Gábor Lukács.jpgAccording to the Winnipeg Free Press, "Lukács had challenged the university administration's decision to award a PhD to a student who had failed a key exam twice, waived the necessity for the exam and exempted the student from some other academic requirements. The student claimed he had failed the exam due to a condition known as "exam anxiety."

Lukács was suspended [in 2010] after he went to court to challenge the university administration's decision to award the degree after he had exhausted appeals through the school's academic bodies. The university claimed the suspension was justified because Lukács had violated the student's privacy when naming him in court documents. Lukács lost his court challenge when the judge ruled he did not have the right to challenge the university, but the professor was preparing an appeal."


Lukacs is the kind of person society needs. He is a real trailblazer, not a girl-child. Just last week, he forced Air Canada to properly compensate passengers who are overbooked. He is currently doing independent research in Halifax.

But universities like Manitoba don't care about real trailblazers; they make the lifers uncomfortable. These schools are sleepy backwaters dedicated to sports, indoctrination and providing comfortable sinecures for professors. Their marketing departments generate all the intellectual excitement. 
------
Winnipegger comments on looming budget cuts at U of M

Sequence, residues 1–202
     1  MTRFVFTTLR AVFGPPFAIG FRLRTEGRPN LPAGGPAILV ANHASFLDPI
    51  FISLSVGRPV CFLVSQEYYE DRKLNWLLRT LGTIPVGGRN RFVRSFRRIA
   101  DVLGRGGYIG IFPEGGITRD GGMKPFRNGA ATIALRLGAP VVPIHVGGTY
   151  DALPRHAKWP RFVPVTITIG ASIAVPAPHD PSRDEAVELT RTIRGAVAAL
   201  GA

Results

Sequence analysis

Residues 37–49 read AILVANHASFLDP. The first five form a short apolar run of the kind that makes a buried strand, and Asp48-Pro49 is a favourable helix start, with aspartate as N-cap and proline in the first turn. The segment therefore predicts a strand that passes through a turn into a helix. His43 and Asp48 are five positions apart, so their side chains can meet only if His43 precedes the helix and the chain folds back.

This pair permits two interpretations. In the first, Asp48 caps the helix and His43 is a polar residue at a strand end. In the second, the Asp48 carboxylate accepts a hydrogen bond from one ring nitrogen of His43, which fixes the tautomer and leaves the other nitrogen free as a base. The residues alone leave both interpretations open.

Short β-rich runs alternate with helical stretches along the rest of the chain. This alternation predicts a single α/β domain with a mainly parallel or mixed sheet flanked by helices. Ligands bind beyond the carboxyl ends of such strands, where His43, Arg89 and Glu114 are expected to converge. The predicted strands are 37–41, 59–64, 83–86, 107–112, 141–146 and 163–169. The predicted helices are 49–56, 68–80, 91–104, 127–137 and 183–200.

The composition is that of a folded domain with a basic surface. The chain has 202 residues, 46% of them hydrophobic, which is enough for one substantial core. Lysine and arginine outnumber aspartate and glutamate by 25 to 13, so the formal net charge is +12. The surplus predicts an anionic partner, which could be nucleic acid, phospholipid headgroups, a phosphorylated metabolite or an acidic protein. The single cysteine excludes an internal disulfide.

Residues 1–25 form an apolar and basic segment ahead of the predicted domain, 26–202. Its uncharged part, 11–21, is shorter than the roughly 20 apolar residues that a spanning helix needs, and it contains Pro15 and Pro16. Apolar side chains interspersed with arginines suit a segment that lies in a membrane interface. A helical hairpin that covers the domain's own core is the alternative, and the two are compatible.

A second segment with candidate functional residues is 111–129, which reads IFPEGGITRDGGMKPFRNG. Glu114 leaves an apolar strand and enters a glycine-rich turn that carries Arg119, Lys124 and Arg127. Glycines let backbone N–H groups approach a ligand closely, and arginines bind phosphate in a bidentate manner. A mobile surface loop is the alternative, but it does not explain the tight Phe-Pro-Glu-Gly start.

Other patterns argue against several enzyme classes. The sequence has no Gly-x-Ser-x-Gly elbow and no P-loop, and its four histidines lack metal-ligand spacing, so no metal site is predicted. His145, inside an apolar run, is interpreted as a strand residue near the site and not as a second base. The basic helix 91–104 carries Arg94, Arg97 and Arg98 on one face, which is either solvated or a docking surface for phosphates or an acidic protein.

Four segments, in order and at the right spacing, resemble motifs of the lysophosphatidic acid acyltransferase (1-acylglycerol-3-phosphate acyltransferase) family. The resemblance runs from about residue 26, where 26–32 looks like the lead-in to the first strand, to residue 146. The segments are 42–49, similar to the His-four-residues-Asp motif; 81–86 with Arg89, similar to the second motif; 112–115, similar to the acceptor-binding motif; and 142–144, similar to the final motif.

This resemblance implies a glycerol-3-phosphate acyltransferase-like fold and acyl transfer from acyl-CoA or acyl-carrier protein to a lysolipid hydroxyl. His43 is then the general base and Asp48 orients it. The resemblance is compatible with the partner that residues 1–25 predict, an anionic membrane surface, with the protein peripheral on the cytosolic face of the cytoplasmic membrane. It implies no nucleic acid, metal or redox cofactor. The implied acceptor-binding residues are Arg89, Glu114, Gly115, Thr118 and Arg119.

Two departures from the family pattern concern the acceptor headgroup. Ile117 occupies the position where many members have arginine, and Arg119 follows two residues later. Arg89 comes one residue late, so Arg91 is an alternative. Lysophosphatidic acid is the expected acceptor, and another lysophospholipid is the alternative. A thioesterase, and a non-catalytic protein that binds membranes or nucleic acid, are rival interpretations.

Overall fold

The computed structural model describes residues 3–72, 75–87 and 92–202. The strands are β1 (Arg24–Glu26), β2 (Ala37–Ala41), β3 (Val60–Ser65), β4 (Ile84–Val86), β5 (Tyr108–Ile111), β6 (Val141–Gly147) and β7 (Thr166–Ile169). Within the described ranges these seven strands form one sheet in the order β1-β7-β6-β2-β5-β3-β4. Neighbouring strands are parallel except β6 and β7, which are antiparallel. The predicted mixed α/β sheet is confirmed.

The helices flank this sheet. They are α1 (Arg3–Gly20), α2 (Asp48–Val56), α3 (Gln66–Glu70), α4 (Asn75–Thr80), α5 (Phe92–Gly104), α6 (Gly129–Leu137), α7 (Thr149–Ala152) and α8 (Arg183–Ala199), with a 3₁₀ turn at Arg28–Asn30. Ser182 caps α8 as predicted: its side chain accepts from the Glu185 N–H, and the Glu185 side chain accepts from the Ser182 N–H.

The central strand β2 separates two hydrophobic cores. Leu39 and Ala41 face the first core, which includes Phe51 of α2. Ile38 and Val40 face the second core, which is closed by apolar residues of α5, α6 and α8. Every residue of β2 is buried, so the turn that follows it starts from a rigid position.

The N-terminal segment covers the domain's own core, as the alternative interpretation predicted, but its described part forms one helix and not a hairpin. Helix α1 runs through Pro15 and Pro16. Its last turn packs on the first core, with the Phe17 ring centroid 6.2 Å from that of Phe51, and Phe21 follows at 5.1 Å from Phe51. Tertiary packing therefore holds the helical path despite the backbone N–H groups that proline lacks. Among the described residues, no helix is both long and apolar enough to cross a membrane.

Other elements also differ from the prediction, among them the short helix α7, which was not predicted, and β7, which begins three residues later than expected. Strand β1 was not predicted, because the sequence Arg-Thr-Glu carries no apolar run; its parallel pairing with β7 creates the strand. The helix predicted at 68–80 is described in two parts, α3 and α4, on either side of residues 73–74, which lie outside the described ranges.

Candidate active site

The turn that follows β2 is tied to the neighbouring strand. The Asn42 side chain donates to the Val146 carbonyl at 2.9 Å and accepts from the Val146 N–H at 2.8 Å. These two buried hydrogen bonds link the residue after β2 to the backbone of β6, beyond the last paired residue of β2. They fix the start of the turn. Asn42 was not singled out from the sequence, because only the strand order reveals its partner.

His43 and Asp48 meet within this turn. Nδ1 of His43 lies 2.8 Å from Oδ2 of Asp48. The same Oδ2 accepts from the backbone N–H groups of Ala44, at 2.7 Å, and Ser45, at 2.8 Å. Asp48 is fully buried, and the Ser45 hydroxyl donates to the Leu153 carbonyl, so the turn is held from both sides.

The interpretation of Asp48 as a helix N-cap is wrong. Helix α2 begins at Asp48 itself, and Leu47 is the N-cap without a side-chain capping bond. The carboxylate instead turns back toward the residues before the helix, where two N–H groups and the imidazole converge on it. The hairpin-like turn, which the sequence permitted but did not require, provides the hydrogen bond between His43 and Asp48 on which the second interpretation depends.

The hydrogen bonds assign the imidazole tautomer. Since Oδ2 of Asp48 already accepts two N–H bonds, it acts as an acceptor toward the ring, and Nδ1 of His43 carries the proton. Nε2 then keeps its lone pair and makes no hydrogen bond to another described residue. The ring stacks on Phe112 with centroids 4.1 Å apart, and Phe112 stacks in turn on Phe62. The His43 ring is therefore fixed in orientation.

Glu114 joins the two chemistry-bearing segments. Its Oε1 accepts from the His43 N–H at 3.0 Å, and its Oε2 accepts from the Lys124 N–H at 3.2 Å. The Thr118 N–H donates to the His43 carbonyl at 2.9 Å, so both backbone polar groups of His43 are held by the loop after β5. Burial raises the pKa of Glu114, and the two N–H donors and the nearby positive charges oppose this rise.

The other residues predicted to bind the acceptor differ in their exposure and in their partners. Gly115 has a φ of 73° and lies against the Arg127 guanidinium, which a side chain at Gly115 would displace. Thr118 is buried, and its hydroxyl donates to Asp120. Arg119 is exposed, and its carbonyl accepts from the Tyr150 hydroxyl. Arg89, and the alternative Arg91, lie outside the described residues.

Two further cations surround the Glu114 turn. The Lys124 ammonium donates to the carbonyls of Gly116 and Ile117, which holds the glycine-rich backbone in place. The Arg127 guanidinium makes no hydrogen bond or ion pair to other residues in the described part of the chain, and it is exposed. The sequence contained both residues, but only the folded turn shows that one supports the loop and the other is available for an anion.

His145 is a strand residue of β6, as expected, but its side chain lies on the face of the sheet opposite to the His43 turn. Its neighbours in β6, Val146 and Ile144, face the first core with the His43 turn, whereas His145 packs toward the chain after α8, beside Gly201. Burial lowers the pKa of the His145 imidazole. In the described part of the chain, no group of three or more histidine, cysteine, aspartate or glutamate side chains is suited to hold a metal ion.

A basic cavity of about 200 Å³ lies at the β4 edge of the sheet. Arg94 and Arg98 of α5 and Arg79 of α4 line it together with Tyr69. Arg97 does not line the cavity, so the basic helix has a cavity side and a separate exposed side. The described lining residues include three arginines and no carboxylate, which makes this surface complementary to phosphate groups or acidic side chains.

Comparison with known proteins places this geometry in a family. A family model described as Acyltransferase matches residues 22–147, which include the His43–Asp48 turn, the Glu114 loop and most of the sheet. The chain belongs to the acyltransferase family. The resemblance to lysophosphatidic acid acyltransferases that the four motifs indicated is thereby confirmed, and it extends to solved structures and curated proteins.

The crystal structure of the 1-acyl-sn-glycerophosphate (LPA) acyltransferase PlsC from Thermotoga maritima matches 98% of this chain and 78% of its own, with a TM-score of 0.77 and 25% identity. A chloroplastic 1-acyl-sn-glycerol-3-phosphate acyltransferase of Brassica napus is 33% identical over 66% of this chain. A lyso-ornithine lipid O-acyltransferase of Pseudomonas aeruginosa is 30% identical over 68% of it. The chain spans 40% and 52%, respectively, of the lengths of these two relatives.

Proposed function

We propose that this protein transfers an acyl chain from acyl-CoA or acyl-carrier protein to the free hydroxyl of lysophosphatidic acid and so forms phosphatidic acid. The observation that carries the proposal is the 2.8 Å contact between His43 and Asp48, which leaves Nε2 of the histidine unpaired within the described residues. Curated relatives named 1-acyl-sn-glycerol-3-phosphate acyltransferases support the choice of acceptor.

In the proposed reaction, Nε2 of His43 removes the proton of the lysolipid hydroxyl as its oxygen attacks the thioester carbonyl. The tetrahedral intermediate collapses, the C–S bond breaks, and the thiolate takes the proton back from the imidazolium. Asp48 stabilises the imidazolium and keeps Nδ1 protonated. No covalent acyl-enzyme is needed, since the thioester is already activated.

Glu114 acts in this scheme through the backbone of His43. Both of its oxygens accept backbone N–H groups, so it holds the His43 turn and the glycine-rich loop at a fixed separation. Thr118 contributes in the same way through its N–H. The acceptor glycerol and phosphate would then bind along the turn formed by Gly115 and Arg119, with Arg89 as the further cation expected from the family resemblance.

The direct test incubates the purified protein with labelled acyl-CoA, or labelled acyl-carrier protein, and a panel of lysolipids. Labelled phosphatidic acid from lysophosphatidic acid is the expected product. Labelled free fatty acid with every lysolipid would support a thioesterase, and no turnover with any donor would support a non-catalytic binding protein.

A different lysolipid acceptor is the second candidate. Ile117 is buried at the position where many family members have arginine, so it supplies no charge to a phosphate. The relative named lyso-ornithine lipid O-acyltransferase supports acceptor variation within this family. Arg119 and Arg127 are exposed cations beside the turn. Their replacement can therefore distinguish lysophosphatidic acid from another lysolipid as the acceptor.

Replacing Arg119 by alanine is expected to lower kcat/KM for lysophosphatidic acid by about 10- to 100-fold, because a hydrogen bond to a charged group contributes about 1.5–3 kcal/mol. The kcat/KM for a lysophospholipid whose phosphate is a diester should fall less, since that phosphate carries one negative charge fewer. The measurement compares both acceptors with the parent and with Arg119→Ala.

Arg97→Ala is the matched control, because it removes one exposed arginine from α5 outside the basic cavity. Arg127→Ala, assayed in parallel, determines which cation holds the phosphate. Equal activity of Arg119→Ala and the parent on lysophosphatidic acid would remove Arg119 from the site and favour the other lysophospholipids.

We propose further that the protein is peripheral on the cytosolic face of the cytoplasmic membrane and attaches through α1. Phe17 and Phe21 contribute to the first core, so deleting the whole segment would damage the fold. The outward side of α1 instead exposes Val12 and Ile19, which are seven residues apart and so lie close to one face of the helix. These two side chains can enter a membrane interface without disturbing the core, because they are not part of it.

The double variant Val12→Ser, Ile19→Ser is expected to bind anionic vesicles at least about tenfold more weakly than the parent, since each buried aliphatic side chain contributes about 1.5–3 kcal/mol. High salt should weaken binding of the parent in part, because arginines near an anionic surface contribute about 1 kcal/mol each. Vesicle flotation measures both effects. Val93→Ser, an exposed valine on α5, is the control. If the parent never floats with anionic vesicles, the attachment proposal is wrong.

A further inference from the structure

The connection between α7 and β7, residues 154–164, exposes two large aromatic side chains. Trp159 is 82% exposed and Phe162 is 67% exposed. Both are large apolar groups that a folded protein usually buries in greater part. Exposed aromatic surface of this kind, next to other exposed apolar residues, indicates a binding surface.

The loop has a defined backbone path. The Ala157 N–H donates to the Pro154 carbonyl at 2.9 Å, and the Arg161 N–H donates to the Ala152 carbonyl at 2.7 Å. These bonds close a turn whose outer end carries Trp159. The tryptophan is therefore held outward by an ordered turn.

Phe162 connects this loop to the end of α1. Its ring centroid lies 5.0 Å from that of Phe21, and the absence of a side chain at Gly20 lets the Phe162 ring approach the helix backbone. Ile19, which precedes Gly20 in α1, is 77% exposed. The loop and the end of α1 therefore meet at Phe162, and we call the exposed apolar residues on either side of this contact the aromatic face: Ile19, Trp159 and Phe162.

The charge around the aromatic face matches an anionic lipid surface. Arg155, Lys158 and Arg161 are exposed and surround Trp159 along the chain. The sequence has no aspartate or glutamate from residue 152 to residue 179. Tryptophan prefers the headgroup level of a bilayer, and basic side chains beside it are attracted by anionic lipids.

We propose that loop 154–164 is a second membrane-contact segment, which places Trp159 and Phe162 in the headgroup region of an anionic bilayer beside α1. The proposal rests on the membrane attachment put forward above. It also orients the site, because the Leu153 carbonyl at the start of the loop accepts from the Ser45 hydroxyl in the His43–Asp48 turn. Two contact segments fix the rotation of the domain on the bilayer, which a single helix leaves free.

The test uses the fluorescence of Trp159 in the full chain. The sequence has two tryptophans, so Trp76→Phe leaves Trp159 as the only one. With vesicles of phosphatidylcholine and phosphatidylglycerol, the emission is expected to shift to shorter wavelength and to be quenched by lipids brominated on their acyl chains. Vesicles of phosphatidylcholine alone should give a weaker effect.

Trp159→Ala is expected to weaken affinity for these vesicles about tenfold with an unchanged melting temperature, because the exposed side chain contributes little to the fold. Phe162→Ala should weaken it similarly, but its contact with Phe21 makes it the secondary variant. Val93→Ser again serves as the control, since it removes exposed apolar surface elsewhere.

"What I don't get is the amount of money U of M spends on silly billboards and ads of kids standing in the snow? What a silly waste of money. It's not that students pay even close to the cost of educating them. So whats the point of view of branding the U of M other than a cold lonely place?"
 


Comments for "University of Manitoba Ranks First in Hype"

David said (June 3, 2013):

What stomach churning hypocrisy from these taxpayer-funded state institutions. Same is true in the US. Let's see: the universities seek "Challengers" and "Rebels"? Try publicly challenging the illegality of the federal and state income tax, or questioning the official lies surrounding 9-11 and the Mideast wars. Or the scam of private central banking. On and on it goes.


Phil said (June 3, 2013):

I had to do a year of military service after High School. After that, I entered the working world in the Banking/Insurance industries. I continued with in house training and courses, and worked my way up in the companies I worked for. I also spent a lot of time in the library educating myself on a wide range of topics from science to politics.